November 28, 2011

The Careful Use of Compliments

by Alexander McCall Smith

Anchor Books,2007

240 pages, $14 (soft cover)

How many middle-aged female (fictional) sleuths are there? I can name only three. The first is my own, grown-up Nancy Drew, Penny Warnock. The second and third are Number 1 Ladies Detective Agency’s Mma Ramotswe and the same author’s (Alexander McCall Smith) philosopher/ethics review editor Isabel Dalhousie. I picked this book off the library shelf thinking it was one of the series about the “traditionally built” Botswana lady detective. Same clever title, simple illustration and even mention of those bestsellers. But once I started to read, I was not disappointed.

As with traditional Dashiel Hammet or Raymond Chandler classics, we are not clear what the mystery is even three-quarters of the way through. But, in this case it’s whether Isabel will patch up a quarrel with her niece, whether she will marry her baby Charlie’s father, and, oh yes, something about the possible forgery of a painting. What adds to the pleasure is her exploration of the ramifications of each. We are given a license to “philosophize” a bit ourselves and see the world in light of these microcosms.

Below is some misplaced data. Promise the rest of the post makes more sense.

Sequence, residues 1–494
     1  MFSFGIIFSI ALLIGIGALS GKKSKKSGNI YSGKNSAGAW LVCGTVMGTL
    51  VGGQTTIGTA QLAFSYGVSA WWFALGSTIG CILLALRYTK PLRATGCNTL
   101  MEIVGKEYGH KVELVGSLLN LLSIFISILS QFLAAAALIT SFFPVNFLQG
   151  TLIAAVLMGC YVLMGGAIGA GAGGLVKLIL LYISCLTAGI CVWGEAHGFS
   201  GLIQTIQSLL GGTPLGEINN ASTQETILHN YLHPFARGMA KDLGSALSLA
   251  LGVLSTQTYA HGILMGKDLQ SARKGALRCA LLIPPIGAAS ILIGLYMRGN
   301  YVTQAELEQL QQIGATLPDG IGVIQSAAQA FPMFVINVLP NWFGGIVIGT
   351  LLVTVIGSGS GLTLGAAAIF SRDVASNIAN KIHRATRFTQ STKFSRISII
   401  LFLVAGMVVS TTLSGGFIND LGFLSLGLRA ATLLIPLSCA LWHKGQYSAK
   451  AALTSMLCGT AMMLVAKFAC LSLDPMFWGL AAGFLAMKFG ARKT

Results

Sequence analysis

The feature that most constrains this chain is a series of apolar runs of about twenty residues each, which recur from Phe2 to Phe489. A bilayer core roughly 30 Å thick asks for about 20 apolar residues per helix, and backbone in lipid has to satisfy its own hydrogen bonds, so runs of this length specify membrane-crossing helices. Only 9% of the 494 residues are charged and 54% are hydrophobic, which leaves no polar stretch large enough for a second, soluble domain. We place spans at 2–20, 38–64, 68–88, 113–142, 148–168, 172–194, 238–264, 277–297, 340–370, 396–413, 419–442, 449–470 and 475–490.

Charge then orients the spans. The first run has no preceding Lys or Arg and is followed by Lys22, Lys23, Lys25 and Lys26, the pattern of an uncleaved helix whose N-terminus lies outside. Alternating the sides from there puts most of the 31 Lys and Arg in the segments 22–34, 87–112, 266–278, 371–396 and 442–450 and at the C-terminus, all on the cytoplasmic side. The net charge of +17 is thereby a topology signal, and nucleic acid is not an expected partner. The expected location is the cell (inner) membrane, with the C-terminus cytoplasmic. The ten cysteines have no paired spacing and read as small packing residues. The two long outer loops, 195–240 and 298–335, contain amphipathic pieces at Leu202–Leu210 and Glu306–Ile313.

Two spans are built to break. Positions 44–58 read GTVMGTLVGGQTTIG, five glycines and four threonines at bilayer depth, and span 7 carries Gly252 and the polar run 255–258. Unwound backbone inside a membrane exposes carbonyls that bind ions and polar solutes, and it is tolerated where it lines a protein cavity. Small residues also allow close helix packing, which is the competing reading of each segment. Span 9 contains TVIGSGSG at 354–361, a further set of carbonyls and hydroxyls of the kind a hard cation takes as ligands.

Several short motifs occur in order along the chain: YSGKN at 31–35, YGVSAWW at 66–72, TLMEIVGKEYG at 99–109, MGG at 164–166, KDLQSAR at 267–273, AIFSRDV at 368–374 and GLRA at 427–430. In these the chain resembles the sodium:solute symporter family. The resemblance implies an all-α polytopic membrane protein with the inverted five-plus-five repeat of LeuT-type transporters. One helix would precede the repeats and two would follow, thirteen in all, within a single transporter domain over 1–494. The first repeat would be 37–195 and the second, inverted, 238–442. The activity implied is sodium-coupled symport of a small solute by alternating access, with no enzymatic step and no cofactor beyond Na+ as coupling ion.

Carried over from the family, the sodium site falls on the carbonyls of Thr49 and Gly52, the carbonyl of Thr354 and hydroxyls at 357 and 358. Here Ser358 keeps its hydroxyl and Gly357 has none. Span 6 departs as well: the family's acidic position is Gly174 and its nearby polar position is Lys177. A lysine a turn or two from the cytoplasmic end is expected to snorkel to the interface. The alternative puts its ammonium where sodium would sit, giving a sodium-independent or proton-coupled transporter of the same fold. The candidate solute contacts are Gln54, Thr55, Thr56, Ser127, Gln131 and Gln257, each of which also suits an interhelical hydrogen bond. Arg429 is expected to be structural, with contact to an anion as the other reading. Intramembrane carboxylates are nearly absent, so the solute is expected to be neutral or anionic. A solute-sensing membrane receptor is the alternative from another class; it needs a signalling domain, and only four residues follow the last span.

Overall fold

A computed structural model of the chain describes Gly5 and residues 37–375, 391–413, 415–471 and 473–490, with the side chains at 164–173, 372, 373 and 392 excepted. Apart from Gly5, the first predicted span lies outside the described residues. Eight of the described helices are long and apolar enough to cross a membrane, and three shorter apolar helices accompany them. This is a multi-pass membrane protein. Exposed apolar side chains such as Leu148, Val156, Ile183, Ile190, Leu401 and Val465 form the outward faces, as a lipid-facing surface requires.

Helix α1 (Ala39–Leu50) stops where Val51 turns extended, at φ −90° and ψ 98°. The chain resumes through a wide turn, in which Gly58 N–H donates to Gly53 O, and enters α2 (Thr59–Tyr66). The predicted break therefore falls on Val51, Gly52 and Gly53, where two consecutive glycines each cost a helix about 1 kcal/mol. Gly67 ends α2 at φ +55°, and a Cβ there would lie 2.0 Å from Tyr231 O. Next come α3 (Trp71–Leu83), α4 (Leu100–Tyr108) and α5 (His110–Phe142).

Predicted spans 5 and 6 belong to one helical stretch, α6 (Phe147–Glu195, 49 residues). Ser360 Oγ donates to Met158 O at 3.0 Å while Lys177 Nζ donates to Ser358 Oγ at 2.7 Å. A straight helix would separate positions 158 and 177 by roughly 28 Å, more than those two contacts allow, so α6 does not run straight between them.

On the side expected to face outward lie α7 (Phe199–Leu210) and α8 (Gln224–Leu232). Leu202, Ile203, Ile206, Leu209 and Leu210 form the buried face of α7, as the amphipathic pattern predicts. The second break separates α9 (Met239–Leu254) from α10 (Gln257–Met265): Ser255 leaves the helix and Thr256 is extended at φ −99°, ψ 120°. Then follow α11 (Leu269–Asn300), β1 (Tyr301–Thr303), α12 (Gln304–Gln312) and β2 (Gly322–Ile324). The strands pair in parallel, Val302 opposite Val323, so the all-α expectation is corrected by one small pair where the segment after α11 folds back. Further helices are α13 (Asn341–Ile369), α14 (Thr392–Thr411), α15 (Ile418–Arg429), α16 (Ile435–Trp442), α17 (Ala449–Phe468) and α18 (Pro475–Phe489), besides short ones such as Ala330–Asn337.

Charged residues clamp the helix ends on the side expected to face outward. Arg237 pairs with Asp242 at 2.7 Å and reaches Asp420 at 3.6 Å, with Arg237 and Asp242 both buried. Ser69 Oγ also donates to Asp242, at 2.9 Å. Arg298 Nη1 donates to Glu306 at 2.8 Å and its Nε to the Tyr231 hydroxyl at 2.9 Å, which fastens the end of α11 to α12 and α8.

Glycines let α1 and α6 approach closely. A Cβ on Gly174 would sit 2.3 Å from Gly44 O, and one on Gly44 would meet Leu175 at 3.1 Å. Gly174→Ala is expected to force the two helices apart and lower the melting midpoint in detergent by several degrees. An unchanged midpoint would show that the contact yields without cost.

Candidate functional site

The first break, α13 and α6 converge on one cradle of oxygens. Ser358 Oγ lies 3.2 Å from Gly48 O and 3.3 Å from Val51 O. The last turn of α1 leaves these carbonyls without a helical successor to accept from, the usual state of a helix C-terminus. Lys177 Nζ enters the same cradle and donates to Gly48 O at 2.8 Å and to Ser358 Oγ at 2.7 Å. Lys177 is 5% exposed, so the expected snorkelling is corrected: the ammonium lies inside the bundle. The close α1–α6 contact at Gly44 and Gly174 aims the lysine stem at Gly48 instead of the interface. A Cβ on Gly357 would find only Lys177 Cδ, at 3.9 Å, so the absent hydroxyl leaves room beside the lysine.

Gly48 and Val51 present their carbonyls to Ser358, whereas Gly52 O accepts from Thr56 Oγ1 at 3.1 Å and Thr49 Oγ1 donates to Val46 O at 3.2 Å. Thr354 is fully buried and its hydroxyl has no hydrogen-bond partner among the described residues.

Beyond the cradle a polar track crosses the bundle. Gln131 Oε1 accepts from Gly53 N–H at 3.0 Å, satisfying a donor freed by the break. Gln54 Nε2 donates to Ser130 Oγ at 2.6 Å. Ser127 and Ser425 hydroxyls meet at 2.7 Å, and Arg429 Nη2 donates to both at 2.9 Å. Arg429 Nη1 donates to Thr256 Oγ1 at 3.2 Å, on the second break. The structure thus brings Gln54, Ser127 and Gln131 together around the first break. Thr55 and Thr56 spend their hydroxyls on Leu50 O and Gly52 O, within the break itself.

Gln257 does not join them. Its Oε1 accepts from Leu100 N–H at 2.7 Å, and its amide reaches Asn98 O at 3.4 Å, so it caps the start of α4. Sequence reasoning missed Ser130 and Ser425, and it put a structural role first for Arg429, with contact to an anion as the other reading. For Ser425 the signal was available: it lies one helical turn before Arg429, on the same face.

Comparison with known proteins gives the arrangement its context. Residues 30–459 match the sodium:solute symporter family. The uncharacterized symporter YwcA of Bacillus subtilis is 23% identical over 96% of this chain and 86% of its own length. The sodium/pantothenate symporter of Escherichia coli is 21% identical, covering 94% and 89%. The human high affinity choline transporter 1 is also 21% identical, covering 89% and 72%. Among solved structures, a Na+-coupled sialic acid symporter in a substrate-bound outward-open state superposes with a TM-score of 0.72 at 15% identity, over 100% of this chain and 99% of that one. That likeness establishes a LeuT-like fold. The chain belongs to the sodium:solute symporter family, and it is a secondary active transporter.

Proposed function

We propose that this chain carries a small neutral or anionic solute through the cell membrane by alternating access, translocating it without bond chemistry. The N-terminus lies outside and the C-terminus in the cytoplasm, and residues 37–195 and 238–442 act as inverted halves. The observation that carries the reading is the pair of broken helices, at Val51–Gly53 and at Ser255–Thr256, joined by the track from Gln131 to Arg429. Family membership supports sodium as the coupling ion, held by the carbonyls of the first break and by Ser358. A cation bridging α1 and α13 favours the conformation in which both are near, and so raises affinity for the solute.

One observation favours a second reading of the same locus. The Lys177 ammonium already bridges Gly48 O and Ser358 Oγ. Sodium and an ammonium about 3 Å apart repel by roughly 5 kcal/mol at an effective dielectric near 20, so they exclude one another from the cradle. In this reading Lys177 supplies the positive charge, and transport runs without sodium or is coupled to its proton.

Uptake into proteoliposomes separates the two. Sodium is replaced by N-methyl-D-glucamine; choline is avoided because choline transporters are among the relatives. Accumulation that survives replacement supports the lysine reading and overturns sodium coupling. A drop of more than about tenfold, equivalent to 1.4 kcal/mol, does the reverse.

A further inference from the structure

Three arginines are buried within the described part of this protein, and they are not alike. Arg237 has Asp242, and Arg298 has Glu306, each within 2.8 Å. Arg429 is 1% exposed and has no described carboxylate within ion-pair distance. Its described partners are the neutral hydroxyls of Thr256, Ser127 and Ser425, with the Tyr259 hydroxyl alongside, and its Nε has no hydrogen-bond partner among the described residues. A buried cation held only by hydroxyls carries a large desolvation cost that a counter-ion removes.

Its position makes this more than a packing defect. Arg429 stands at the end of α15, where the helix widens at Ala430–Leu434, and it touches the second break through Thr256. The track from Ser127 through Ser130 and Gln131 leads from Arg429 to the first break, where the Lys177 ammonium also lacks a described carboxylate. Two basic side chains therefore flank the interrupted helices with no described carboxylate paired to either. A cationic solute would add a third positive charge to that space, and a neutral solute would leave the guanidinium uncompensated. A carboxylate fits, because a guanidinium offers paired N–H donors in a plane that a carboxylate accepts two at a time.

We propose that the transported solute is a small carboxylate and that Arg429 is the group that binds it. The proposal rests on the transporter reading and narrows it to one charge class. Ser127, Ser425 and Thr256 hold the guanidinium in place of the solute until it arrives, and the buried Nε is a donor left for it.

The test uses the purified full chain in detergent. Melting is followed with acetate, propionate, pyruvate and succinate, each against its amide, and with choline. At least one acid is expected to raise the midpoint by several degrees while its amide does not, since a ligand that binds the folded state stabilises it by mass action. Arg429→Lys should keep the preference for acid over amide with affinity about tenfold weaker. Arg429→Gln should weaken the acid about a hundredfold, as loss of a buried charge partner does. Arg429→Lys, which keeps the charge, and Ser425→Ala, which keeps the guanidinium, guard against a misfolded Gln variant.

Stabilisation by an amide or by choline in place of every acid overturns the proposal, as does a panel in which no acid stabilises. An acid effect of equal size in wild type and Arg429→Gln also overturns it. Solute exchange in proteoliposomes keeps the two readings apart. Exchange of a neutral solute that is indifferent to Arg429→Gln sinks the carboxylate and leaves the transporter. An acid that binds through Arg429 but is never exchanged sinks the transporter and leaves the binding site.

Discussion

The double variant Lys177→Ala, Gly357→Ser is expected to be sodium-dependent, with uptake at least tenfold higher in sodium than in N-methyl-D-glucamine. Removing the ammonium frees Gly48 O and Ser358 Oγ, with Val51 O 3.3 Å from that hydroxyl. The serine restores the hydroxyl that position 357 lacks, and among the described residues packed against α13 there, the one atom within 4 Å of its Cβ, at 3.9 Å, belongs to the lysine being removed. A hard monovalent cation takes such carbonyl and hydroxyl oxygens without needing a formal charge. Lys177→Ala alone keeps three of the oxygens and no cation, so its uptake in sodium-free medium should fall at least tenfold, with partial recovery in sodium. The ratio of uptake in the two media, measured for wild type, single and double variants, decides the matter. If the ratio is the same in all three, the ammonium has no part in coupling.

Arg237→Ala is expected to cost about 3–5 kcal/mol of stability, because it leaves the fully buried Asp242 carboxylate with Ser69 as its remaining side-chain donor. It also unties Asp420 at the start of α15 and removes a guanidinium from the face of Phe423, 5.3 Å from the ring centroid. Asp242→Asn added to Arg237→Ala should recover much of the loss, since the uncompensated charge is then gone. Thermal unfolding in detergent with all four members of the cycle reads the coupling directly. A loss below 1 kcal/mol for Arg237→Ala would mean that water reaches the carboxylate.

I didn’t feel driven to read to an exciting climax, as I might have in a traditional crime drama with classic evil villains, but more like I was enjoying a thought-provoking discussion among good friends. And, best news, there is more of this waiting for me on the library book shelf. Next time I’ll examine the evidence (cover) more carefully when I pick it up.

To order this directly from Amazon for $11.20, click: The Careful Use of Compliments: An Isabel Dalhousie Novel (4) (Isabel Dalhousie Mysteries)


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